First, their understanding is not refuted by Paul. Paul does not call them to accept the Pope, nor does he rebuke them for thinking that John and James belong with Peter as pillars. Second, the fact that they have false theology is not an indication that they are not reliable historical sources. They were still living in the apostolic church trying to follow most of the Apostles. They can still be a reliable witness to the historical context of the letter. This can be understood from the Catholic perspective too, as it is not uncommon for Catholic apologists to make this same claim for using the Protoevangelion of James to establish historical precedence for Mary’s perpetual virginity.  Finally, the Judaizers can be relied on here because they are trying to convince the Galatian Christians to believe their message. The significance here is that if they had a belief about Peter that the early church was in wild disagreement with, they would have tried to persuade them against that just as they are currently doing with Paul. Rather, they leverage Peter in their argument. How could they leverage Peter if they were dealing with Christians who already thought these Judaizers misunderstood Peter’s role? Clearly, the Judaizers had a shared understanding of the role and influence of Peter, along with James and John, and it is this point of contact they seek to utilize against Paul. The text certainly seems to indicate that the Judaizer’s respect specifically for James, Peter, and John, is a reflection of the Christian church of their day, at least of the Jewish portion.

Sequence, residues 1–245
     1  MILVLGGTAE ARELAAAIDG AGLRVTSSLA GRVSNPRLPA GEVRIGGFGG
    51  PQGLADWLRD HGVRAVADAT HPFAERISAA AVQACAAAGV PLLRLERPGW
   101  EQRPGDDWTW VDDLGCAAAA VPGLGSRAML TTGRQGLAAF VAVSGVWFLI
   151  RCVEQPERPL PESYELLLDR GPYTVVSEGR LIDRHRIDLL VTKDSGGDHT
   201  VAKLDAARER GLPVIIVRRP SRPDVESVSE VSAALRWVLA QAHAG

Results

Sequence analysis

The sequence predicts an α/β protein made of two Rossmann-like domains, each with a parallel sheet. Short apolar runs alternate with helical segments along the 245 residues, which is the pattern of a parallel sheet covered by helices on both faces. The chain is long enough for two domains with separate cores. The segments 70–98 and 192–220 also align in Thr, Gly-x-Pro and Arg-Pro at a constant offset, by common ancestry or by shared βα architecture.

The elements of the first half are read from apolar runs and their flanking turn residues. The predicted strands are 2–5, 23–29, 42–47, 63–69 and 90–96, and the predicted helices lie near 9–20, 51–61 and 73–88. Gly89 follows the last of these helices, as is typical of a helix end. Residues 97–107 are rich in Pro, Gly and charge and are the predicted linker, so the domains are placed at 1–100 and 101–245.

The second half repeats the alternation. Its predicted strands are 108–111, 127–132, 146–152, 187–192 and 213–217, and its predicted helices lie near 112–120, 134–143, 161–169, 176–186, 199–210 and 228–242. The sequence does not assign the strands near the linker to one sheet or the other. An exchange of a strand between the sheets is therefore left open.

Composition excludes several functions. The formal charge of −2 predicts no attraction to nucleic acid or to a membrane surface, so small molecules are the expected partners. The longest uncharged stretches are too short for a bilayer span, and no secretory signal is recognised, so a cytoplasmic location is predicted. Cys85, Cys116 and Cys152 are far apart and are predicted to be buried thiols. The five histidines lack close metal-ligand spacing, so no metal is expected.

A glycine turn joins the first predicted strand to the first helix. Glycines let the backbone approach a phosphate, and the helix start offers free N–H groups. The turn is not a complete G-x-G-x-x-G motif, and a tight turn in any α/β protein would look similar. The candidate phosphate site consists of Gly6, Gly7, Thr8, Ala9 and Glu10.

Conclusion

In conclusion, Paul and his Judaizing opponents give important insights into the Apostolic church, and the text strongly speaks against any kind of Petrine Primacy being understood and practiced by the church.

In case you want to read Paul’s entire autobiographical defense, you can read that here:

11 For I would have you know, brothers, that the gospel that was preached by me is not man’s gospel. 12 For I did not receive it from any man, nor was I taught it, but I received it through a revelation of Jesus Christ. 13 For you have heard of my former life in Judaism, how I persecuted the church of God violently and tried to destroy it. 14 And I was advancing in Judaism beyond many of my own age among my people, so extremely zealous was I for the traditions of my fathers. 15 But when he who had set me apart before I was born, and who called me by his grace, 16 was pleased to reveal his Son to me, in order that I might preach him among the Gentiles, I did not immediately consult with anyone;17 nor did I go up to Jerusalem to those who were apostles before me, but I went away into Arabia, and returned again to Damascus. 18 Then after three years I went up to Jerusalem to visit Cephas and remained with him fifteen days. 19 But I saw none of the other apostles except James the Lord’s brother. 20 (In what I am writing to you, before God, I do not lie!) 21 Then I went into the regions of Syria and Cilicia. 22 And I was still unknown in person to the churches of Judea that are in Christ. 23 They only were hearing it said, “He who used to persecute us is now preaching the faith he once tried to destroy.” 24 And they glorified God because of me.